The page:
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The Death of Southern Gentlemen January 24, 2015

Seven million years ago, when I was learning how to drive, I asked my father how to check the oil in my car.  Checking the oil was something I’d seen him do, and it seemed to me to be an Essential Part of Grown Up Car Ownership and Maintenance.  My father’s answer?  “You pull into a full serve station and say, ‘Will you please check the oil?’”  That was the end of the subject.

Not long afterwards, I was driving with my father along the Meadowbrook Parkway on Long Island when the tire blew in the car.  Dad told me to pull to the side of the road, which I did, and he proceeded to make me change my own tire.  I remember what I was wearing: a khaki colored jumpsuit (it was the mid to late 80s and I was Very Fashionable) and short boots I thought of as Peter Pan boots.  Not exactly the clothes you’d put on to do car maintenance, but I wasn’t given a choice.  I was not strong enough to turn the lug nuts with the crow bar, but Dad refused to help me beyond giving me advice and encouragement.  Out of options, I braced myself on the side of the car and jumped on the crow bar until I loosened the lug nut.   I felt like an absolute fool, jumping on the slender bar and trying not to fall, but by God I did it and I changed that tire myself on the side of the road.  Rawr.

The difference between those two things is that there isn’t any circumstance in which I will need to check the oil in order to get on my way, but there are plenty of circumstances in which I might need to change a tire.

I can’t tell you the rush it was, the feeling like I could do anything in the whole world, including changing the tire on the side of the highway wearing impractical shoes.

Five million years ago, when I was auditioning future husbands in what seemed to be an endless run of first dates, that was one of my go-to questions.  “Do you know how to change a tire?”  If the answer was no – which was awfully often – there was no second date.  And yes, I was questioning his essential manhood.  Changing a tire is one of those life skills that every human living in the first world should know how to do.

Tonight I was sitting in the lobby of the Hugh Hodgson School of Music killing time while my son attended the Oboe and Bassoon Symposium.  I was sitting in a sea of bored looking parents playing games on their phones and reading books.  A woman came in the door and announced loudly, “Does anyone have jumper cables and know how to use them?”

I had jumper cables, and I know how to use them, however, I had no interest in getting out of my comfy chair and shutting down my computer to brave the cold wind to help a stranger.  Still, no one else said anything in a reasonable amount of time, so I announced, “I do.”

A man sitting across from me said, “Are you sure it is the battery?  Does it go click click click or rawr rawr rawr click click click?”

Ah, I thought.  This guy knows something about cars.  He knows from the noises whether we are wasting time or not.  Yay!  Expert help.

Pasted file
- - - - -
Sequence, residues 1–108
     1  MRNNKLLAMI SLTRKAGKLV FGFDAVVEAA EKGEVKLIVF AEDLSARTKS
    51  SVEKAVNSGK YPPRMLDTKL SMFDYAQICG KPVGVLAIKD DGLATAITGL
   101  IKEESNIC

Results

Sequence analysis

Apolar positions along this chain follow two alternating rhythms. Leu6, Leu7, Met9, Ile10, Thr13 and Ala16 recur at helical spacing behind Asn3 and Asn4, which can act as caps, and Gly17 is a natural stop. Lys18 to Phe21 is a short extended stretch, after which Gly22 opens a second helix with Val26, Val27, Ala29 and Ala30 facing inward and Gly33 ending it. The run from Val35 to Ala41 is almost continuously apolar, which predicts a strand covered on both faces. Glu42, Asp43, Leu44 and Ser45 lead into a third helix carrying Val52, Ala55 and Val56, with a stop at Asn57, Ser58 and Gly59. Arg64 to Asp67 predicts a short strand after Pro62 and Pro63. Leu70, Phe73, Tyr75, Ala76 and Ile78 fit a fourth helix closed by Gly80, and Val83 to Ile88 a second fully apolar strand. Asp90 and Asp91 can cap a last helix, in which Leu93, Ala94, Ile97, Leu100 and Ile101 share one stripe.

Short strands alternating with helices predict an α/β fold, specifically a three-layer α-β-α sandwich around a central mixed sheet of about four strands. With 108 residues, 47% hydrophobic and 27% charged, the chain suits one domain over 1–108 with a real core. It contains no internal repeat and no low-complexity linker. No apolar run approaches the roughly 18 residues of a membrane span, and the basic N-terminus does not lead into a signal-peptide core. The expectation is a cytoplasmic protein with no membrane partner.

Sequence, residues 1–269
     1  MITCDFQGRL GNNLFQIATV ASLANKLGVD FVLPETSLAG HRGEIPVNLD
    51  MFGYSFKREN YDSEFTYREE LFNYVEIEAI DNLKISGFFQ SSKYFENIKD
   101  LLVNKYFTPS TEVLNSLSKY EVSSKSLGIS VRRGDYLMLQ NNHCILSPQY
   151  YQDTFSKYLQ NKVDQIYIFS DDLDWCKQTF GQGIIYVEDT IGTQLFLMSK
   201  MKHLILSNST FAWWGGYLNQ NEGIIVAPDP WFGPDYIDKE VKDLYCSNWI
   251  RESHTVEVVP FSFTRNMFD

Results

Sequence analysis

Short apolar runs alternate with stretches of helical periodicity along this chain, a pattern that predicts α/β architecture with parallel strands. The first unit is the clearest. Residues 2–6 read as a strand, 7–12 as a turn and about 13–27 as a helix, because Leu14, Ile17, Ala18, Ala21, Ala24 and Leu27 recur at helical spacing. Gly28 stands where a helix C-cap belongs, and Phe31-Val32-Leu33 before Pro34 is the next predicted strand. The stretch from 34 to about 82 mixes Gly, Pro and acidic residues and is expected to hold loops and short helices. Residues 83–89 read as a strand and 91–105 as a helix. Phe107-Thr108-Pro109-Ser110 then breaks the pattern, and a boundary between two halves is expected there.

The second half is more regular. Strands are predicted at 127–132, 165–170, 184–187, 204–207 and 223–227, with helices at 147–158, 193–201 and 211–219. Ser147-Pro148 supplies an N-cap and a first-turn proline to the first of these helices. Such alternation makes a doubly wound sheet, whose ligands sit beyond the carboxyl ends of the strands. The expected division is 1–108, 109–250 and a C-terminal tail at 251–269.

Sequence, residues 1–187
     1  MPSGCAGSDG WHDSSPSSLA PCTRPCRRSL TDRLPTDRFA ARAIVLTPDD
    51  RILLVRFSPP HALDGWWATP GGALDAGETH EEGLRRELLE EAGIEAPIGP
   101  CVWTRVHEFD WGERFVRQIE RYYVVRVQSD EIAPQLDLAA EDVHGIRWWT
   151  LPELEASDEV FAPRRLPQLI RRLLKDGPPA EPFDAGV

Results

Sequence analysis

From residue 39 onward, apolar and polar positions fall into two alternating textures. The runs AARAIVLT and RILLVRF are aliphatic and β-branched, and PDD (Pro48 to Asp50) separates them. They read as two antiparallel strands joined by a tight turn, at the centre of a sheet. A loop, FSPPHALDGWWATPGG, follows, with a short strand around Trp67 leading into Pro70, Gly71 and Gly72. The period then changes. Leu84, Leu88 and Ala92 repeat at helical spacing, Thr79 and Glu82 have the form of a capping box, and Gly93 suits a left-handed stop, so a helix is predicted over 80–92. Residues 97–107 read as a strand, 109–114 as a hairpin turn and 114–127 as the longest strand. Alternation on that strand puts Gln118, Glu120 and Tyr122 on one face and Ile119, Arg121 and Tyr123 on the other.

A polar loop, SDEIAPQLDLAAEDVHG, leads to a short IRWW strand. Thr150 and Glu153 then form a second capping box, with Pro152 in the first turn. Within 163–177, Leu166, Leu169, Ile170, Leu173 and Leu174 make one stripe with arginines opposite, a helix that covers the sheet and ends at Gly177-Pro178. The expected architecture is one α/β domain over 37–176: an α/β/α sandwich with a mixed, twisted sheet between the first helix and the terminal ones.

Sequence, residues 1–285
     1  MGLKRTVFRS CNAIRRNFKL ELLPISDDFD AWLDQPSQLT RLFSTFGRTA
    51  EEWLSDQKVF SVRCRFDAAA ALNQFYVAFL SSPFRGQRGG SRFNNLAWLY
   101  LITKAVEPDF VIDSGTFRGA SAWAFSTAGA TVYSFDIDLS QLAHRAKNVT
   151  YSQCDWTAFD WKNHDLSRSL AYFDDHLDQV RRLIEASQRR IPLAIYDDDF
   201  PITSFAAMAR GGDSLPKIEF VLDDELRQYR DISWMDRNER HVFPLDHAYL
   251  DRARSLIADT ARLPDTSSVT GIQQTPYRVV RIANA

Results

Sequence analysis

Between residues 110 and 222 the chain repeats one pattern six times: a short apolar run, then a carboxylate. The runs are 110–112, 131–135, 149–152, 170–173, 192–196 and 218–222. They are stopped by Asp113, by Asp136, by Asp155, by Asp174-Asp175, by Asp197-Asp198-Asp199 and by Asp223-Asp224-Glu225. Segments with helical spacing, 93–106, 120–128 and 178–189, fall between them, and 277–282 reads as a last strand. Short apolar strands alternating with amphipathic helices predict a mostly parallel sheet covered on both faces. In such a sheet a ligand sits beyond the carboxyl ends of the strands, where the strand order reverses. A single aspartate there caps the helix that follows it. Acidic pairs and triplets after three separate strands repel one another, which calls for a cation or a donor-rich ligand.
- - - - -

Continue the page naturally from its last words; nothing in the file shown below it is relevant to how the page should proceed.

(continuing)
“Just click click click.  No rawr,” she said.

“Then it’s the battery,” he said, and went back to reading his spy novel.

Despite the fact that we were in the Deep South, clearly there were no Southern Gentlemen in the room.  I pushed my unladylike thoughts about the ungentlemanly behavior of this man and the other men in the room hiding behind books and tablet screens to the deep recesses of my brain.  I had a Job to Do, what with no one else volunteering to do it, and all my concentration was spent on prayers that my memory of how to do this wouldn’t result in a mushroom cloud-worthy explosion.  I also allocated a small portion of my prayers to petitioning on behalf of this joker’s wife/daughter/mother that none of them ever got stuck in a dark, cold parking lot with only another man like this one nearby.

I stuffed my computer in my bag and stood up to go outside.  Together, me and my new friend Lynda drove my car to where her car was, dug under the shopping I had done earlier in the day, random jackets, reusable shopping bags, last week’s gym clothes and the other assorted crapola that can generally be found in my trunk and found the jumper cables.  It took me a minute to find the little latch thingie that opens my hood, and it took Lynda a minute to find the stick thingie that holds up her hood, but we eventually did what we needed to do, connected negative to negative and positive to positive and cranked ‘er up.  Yay us.

So, major props for my Dad for teaching me to be the kind of woman who doesn’t need a man to come rescue her in a parking lot.  And boo for the dozen or so men in the room who refused to be gentlemen and help us out.  I’ll make those two thoughts reconcile in my head somehow, someday.

Until then, “RAWR.”

Men out there: I’m really curious what you think about this incident.  Do you think women are just as capable as men at routine tasks like this, or do you feel obligated as a gentleman to help women with something that is stereotypically a manly thing to do?  Or, like everything else, am I just over-thinking this?  I welcome your comments below.


The Death of Southern Gentlemen


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The Death of Southern Gentlemen


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Lori Duff

Lori B. Duff is an award-winning author who practices law on the side.  Her latest book, "If You Did What I Asked in the First Place" was awarded the Gold Medal for humor in the Foreword INDIES awards in 2019. You can follow her on Twitter at @LoriBDuff and on Facebook. For more blogs written by Lori, click here. For more information about Lori in general, click here. If you want Lori to do your writing for you, click here. If you want Lori to help you market your book, click here.

The Death of Southern Gentlemen January 24, 2015